Since 2004, as far back as USAU’s Score Reporter records go, Minnesota’s Grey Duck and Carleton’s CUT have finished 1st and 2nd in the Northwoods. Year after year, they clash in the final — in recent history alternating as the conference’s premier outfit. But this year, make no mistake about it: this is #3 Minnesota’s Conference Championship to lose and #13 Carleton’s to steal. With Minnesota as one of the nation’s top title contenders and Carleton trying to return to glory, this conference final is primed to be one of the best in the country.
After that duo, third place has been squarely dominated by Minnesota-Duluth. Since 2011, Duluth has finished as the last team in the top three every season. They have a 13-8 win over the next seeded team, their lone game against a conference foe. What is there to doubt?
That next seeded team is looking to stir things up. With Ugly Duckling, the University of Minnesota is looking to unlock the achievement of sending a B-team to Regionals — one of the most notoriously competitive Regionals, no less — and has a very real shot. They are the fourth seed in a four bid year.
Along with Ugly Duckling, there are four other teams clawing for that last spot, but none more scary and unknown than Manitoba. The 7th seeded Manitoba is undefeated this season, mostly because they haven’t yet played a sanctioned game. But their roster is bolstered by a number of Team Canada players from their U19 and U23 outfits, such as Alan Scarth, Gil Binnum, Kevin Boreskie, Jesse Greenberg, and Mathew Ladyman. They were the Canadian college champions in 2014 and runners up in 2015. Don’t expect them to settle for 7th.
Women’s Rocky Mountain (South Central)
What the Rocky Mountain Conference lacks in size, they can make up in drama. The pairing of Colorado and Colorado College are both eyeing trips to Nationals and are far and away the top two teams in the conference. While Kali is the one seed and favorite, Colorado College actually won the teams’ only meeting this season, an early season 11-9 victory, meaning we could see Colorado fail to win the tournament for the first time since 2012.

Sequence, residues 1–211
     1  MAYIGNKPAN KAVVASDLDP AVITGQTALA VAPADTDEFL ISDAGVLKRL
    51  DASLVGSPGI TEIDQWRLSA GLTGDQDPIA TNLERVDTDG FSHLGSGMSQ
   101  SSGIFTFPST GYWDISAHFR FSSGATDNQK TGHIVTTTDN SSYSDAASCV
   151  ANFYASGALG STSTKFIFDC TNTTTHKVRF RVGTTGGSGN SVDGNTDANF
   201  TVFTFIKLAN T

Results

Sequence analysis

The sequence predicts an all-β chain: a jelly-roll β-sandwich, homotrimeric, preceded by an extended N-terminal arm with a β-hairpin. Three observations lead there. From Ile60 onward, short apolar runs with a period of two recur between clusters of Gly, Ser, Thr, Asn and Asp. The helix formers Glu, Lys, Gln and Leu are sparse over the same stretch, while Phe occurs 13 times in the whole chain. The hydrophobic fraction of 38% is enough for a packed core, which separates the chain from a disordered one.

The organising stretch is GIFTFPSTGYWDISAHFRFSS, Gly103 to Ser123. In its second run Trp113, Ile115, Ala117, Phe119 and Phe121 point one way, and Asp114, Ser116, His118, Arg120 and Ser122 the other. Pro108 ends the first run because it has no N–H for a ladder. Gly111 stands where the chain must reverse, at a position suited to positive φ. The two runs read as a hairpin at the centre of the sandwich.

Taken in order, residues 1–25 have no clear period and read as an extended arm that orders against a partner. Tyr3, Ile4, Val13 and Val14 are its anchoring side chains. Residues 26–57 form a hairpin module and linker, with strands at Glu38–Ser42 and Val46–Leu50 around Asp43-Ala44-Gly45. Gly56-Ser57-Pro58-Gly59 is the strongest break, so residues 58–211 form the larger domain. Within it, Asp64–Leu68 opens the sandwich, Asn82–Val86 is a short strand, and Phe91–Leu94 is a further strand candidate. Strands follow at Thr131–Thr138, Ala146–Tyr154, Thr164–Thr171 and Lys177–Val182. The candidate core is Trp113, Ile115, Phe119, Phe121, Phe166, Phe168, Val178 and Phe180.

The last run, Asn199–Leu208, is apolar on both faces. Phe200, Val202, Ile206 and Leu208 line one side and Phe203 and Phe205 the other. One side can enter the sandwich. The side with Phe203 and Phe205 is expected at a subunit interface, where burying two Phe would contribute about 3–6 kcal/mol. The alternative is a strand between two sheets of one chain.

For the remaining trio of teams, there are only two bids to go around. An established and experienced Colorado State squad is the highest seeded of the three and is expected to reclaim their spot on the Regionals Invite list. CSU’s combination of Kaci Cessna and Kat Killinsgworth should push them back to Regionals under the new guidance of coach Emily Stege.
Last year’s Colorado State found themselves on the outside looking in after Devi, Colorado’s B team, took them down in a 7-6 thriller. Devi is led by Anna Wood’s complete play, and the veteran captain will be key for them at the Conference Championships.
These two programs will be pushed by Denver, looking to enter the Regional fray. The DU women gave Devi a lot to handle last year, but Denver is 12-2 this season and has already won a pair of tournaments.
Men’s D-III Hudson Valley (Metro East)
Welcome to the most volatile conference in the country. Over the past three years, only one team has finished in the same spot twice. That’s right, since 2013, in a 9-10 team conference, every team bar one has had three different finishes. Marist is the only team to claim a bid to Regionals each of the past two seasons, Hartford won the conference in 2014 but finished second-to-last in 2015, while 2014 runner-up Wesleyan finished a spot above Hartford the following year.
You can’t even really peg a favorite this season. Skidmore is the top ranked team, but the #1 seed hasn’t even made the final in any of the past three seasons. To their credit, the Thoroughbears have wins over Middlebury and RPI to earn them the top spot. That RPI team has landed the second seed, with Army in third. But regular season results and seedings rarely tell the Hudson Valley D-III story.